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I am trying to arange four images in a 2 by 2 grid. The caption of the entire figure (not the subfigure) should appear on the right side and not on the bottom. I tried using the caption and subcaption package and minipages and came up with this code:

\begin{figure*}[t!]
    \centering 

    \begin{minipage}[l]{0.7\textwidth}
        \begin{subfigure}{.33\linewidth}
            \centering
            \fakeimage
            \caption{Colum 1}\label{fig:image1}
        \end{subfigure}
        \begin{subfigure}{.33\linewidth}
            \centering
            \fakeimage
            \caption{Colum 2}\label{fig:image2}
        \end{subfigure}

        \bigskip
        \begin{subfigure}{.33\linewidth}
            \centering
            \fakeimage
        \end{subfigure}
        \begin{subfigure}{.33\linewidth}
            \centering
            \fakeimage
        \end{subfigure}
    \end{minipage}

    \begin{minipage}[r]{.10\textwidth}
        \centering
         \caption{This is the caption for all four images.}
     \end{minipage}
\end{figure*}

Sadly, the caption does not appear right to the images but under the bottom right image. How can I fix this?

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1 Answer 1

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The main cause of your problem is the empty line between the first ...\end{minipage} and the second \begin{minipage}.... You should remove it.

However, there are problems with your code:

  1. For minipage, there are no options l or r. There are only t (top aligned), c (vertically center aligned) and b (bottom aligned).
  2. Why are you creating a 70% column for your four figures while only 10% for you caption on the right?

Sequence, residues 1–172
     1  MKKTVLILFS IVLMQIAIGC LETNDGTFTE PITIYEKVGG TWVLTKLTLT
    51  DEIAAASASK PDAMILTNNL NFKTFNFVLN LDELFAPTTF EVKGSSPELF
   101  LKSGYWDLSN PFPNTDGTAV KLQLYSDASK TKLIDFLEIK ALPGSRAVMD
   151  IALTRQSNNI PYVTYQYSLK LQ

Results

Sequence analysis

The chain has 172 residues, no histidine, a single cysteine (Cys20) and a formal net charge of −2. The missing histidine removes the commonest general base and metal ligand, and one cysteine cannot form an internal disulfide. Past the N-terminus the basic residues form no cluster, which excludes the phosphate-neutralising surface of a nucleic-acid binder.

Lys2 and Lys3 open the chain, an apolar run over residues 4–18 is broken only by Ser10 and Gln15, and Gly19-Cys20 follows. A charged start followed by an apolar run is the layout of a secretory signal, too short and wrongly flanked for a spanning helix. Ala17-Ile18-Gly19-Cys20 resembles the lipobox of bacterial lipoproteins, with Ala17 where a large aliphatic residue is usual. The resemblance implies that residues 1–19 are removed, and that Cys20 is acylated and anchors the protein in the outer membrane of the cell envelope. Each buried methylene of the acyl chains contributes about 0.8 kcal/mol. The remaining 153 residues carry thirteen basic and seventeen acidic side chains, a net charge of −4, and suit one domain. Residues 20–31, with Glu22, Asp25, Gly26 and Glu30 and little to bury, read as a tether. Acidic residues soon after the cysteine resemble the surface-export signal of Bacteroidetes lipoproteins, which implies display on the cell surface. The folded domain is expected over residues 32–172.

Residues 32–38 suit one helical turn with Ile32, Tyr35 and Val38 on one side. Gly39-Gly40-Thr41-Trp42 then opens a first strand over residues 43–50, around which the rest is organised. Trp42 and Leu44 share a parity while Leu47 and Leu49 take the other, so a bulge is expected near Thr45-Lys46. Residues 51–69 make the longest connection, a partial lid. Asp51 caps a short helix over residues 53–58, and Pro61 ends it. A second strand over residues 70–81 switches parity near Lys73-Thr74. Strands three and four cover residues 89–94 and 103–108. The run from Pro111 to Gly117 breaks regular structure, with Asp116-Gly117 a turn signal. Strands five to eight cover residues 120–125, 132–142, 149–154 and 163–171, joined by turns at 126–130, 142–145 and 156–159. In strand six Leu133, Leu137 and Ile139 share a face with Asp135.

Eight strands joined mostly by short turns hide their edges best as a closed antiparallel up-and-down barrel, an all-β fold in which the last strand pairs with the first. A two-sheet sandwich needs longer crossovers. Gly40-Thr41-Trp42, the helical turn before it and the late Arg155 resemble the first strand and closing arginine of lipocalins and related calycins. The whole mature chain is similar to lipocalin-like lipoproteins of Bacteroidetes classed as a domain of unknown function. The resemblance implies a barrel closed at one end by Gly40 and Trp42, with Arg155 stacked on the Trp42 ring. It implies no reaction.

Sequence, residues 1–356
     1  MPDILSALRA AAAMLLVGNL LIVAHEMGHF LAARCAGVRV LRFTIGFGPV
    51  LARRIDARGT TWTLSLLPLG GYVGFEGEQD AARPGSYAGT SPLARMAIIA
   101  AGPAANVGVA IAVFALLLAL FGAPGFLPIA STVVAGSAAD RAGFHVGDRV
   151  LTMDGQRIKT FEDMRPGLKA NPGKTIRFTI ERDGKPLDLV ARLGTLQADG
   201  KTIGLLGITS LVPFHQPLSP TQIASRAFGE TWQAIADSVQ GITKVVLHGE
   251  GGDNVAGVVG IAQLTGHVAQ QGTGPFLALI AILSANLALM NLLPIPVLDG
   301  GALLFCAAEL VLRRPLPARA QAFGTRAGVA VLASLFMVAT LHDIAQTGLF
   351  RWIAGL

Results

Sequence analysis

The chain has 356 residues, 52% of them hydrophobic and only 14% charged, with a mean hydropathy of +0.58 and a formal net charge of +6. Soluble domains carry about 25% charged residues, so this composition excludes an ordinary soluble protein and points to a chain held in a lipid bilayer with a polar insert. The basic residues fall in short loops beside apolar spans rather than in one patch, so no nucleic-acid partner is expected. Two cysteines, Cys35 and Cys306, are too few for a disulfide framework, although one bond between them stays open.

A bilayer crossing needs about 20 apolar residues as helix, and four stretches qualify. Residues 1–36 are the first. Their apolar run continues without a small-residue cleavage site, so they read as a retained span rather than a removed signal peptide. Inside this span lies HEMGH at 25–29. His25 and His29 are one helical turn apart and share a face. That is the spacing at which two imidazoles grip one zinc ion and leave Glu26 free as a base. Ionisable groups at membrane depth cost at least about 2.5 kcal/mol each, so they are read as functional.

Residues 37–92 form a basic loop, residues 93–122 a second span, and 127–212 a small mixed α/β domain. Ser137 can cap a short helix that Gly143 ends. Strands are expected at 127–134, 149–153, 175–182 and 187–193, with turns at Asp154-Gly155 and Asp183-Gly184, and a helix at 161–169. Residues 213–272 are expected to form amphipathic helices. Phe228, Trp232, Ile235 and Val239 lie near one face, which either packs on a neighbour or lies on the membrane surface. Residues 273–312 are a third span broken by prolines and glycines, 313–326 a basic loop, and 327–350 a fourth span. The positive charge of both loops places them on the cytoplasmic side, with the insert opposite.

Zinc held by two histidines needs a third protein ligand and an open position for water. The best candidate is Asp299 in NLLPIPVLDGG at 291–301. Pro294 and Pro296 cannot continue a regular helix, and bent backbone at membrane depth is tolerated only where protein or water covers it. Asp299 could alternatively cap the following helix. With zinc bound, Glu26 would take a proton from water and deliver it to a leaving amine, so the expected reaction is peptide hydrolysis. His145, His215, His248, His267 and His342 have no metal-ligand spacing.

3. Meanwhile, within your 70% column, each figure only takes up 33% of the width. Why?

I propose the following solution. Note the use of the comment character %.

\documentclass[a4paper]{article}

\usepackage{graphicx}
\newcommand*\fakeimage{\includegraphics[width=\linewidth]{example-image}}
\usepackage{caption}
\usepackage{subcaption}

\begin{document}

\begin{figure*}
    \centering
    \begin{minipage}[t]{0.7\linewidth}
        \begin{subfigure}{0.48\linewidth}
            \centering
            \fakeimage
            \caption{Colum 1}\label{fig:image1}
        \end{subfigure}% <- don't forget this %
        \hfill
        \begin{subfigure}{0.48\linewidth}
            \centering
            \fakeimage
            \caption{Colum 2}\label{fig:image2}
        \end{subfigure}

        \begin{subfigure}{0.48\linewidth}
            \centering
            \fakeimage
            \caption{Colum 1}\label{fig:image3}
        \end{subfigure}% <- don't forget this %
        \hfill
        \begin{subfigure}{0.48\linewidth}
            \centering
            \fakeimage
            \caption{Colum 2}\label{fig:image4}
        \end{subfigure}
    \end{minipage}% <- don't forget this %
    \hfill
    \begin{minipage}[b]{0.27\linewidth}
        \caption{This is the caption for all four images.}
    \end{minipage}
\end{figure*}

\end{document}

caption to the right

The above should not be consider as a good practice. To me, it seems like you are looking for a format that places figure caption in the “margin note” position.

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  • I would like this use this to show two pairs of related images (first and second row of my example) to the reader. Each of the figures should span ~33% of the page's width to show the content correctly. To save some space, I'd like to position the caption of the entire figure not below the four images, but in the "third" empty column. Do you still consider this as bad practice?
    – zimmerrol
    Aug 25, 2018 at 7:27
  • @FlashTek I see. 1. The problem with your intended “33%”: By using 0.33\linewidth, you end up with 0.7*0.33=23.1% of the text width, since \linewidth represents the current column width. So perhaps you want to use 0.33\textwidth. My solution produces 0.7*0.48=33.6% of the text width (what a coincidence) so mine actually fits your need. 2. When I said “not a good practice”, I was referring to how “side-note caption” is achieved. I believe you’d want a uniform look for all your figure captions (on the right). This post may be helpful. Aug 25, 2018 at 17:31
  • @FlashTek P.S. The minipage method is mentioned in that post, but you can read from the comments below that answer to find out vertical alignment is tricky. Note how I used [t] for the four images while using [b] for the caption in my answer. Aug 25, 2018 at 17:39

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